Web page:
In three sentences you learn everything you need to learn about Heyman.
Today’s promo instantly begins with “pontification”, as Heyman put it, defined by a lack of focus on instantly connecting with the audience through a relatable character or a lack of focus on creating incentive to tune in next week or purchase that upcoming PPV.
Today’s talent is “given enough rope to hang themselves” Austin often quips on his podcast.
And this dialogue is what helped make those final kayfabe moments of the show that much more fascinating.
Either purposefully, or by happy accident, Stone Cold Steve Austin supported his arguments by cutting a fantastic promo that adhered to Heyman’s promo-commandments.
- Tell the audience who you are.
- Tell the audience what you do and why you do it.
- Sell the audience on an event, creating incentive by connecting the 'who' and the 'why' - and then tell them 'when' & 'where' the event is taking place.
This is no different than the basic format of a good article or a good novel.
It’s the all-important who, what, where, when and why.
It's important to remember that at the very beginning of the podcast, Paul Heyman says that he should be the one asking Steve Austin the questions. That nugget of information stays in the back of your mind throughout the rest of the podcast so that when Heyman finally does ask Steve Austin a question, the questions take on greater significance. They become important questions, meaningful questions with massive implications.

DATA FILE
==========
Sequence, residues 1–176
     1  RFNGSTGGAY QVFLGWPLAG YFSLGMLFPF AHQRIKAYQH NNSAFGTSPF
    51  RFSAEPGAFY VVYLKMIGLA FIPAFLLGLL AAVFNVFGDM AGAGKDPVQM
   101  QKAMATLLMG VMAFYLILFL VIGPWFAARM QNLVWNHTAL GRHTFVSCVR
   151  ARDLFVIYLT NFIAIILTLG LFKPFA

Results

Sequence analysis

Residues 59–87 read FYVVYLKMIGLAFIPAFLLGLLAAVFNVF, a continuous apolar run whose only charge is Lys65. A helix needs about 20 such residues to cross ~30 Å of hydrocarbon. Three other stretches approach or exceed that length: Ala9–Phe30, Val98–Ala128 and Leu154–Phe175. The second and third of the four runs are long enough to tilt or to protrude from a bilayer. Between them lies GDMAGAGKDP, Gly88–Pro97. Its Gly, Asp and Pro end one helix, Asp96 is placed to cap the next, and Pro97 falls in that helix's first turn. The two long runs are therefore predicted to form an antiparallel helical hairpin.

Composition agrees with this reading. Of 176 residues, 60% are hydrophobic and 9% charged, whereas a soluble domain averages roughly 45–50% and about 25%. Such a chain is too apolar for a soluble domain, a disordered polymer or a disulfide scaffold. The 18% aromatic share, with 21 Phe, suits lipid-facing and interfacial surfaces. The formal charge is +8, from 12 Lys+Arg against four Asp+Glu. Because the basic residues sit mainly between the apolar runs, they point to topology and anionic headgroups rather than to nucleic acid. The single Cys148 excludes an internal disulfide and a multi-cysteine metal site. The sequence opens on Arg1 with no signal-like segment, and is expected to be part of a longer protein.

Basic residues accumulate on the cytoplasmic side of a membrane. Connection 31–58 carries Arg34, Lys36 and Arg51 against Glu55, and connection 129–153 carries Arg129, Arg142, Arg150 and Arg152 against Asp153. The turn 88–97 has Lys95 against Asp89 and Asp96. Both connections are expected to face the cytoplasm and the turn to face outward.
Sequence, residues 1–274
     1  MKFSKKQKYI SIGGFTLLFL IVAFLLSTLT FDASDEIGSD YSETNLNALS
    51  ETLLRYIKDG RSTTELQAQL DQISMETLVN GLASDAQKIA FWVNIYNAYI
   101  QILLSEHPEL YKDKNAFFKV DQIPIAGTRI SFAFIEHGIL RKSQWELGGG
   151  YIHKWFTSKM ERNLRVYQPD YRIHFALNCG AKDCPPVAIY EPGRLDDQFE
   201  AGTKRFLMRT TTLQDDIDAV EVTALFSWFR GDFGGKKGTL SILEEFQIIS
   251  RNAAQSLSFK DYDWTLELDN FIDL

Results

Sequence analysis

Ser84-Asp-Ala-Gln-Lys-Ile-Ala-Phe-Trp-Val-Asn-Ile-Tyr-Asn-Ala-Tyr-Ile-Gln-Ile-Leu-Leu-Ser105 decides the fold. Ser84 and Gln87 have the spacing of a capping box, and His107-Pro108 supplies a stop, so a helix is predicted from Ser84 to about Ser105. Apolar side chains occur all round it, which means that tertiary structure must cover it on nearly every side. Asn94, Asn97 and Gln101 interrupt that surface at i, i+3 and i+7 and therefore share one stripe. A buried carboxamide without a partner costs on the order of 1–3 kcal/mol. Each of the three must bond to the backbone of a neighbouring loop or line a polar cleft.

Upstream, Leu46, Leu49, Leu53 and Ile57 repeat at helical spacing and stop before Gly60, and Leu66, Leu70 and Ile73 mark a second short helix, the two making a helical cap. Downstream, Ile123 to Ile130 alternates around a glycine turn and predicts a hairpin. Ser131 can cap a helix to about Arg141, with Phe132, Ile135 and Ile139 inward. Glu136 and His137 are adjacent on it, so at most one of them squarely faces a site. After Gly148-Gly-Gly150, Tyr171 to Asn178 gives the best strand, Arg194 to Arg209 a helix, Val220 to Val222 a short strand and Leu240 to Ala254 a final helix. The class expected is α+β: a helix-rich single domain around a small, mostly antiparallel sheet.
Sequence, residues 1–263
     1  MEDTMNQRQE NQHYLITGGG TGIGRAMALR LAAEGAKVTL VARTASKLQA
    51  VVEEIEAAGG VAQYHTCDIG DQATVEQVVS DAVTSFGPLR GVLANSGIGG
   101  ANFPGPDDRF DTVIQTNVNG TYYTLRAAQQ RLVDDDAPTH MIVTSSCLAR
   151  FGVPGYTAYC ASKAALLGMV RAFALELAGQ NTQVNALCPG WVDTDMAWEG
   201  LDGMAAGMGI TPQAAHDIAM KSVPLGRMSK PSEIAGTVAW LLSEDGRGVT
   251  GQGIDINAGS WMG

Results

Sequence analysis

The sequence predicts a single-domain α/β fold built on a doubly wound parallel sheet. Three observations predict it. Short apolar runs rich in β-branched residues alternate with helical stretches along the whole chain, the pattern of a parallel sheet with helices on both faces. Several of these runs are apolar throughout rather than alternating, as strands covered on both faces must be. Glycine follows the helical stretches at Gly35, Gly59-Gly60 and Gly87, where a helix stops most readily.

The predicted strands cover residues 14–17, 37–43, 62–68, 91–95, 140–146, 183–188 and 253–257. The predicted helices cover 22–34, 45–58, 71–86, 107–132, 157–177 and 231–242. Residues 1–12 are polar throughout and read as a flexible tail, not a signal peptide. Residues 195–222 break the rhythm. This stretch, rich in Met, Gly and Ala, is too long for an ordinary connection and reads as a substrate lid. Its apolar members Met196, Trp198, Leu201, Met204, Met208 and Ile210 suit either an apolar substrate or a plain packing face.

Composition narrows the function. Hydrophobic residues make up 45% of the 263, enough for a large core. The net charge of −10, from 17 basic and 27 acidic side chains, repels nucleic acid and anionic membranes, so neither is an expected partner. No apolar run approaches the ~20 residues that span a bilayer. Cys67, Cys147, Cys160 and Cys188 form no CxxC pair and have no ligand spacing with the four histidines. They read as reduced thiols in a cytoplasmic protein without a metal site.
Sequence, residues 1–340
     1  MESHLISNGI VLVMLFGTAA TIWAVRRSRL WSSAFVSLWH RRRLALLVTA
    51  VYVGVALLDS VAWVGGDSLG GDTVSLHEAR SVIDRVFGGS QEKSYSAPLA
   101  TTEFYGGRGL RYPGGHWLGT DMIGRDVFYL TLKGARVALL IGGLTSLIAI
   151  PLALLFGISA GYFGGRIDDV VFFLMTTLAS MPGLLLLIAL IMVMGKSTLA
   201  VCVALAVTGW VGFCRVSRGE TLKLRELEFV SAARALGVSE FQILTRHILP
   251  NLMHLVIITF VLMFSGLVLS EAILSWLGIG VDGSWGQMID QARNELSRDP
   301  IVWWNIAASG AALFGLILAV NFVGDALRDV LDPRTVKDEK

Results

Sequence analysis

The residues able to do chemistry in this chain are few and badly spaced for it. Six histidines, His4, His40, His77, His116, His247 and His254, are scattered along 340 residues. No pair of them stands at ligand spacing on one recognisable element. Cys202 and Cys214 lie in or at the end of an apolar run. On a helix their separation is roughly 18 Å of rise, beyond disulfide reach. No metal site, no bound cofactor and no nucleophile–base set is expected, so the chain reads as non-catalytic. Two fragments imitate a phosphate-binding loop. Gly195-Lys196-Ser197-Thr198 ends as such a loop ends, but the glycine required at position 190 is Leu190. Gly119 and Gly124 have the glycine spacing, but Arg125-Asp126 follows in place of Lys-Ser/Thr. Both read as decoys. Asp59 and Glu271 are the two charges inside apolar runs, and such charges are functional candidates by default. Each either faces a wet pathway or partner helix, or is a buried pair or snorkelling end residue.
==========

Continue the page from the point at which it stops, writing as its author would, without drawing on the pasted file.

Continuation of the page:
And there couldn't be a bigger question than, "Will you face Brock Lesnar at WrestleMania 32 in your home state of Texas?"
Steve Austin responded:
“The only way that match would happen, if all the stars in the universe lined up, and to build that match, to go to Dallas Texas, my old stomping grounds…hell I went to college thirty miles from there, I drove down to the Sportatorium to watch The Von Erichs fight The Free Birds at the Sportatorium, pro-wrestling…”
Heyman, still acting as himself and not entirely in character (which contributes to the natural discomfort of a scene where one man threatens another), interrupts when he receives a text and reads it aloud, “Fire all the writers. And it’s from a writer!”
Stone Cold responds, “I’m talking about the biggest damn match you just brought up and you’re talking about firing writers, I’m talking about a Texas Death Match.”
The uncomfortable silence, followed by a now muttering Heyman, allows the gravity of this proclamation to settle in.
And this is when Steve Austin really flexes his improvisational muscles, creating yet another iteration of the Stone Cold character that’s informed by his desire to see pro-wrestling in the WWE again.
“You want a headline for WrestleMania, that would be the match. Do I want to go out there and get into a scientific scuffle with another human being built like Brock Lesnar…you might as well put bolts on the side of his neck, cuz the guy’s like Frankenstein walking down the street. I have tremendous respect for his ability in the ring, the level that he has advanced to, and his freaky accomplishments just in life in general, UFC, WWE…”
This is Austin putting over Brock Lesnar. He’s frankly expressing his real-world feelings, but it’s coming from Stone Cold’s perspective when posed with the idea of fighting Lesnar. Putting Lesnar over in this way clarifies the obstacle before Stone Cold, demonstrating Stone Cold’s awareness of the beastly greatness of Lesnar. But that beastly greatness still doesn’t scare Stone Cold. It doesn’t deter Stone Cold. And so, in putting Lesnar over, Austin also puts Stone Cold’s bravery over.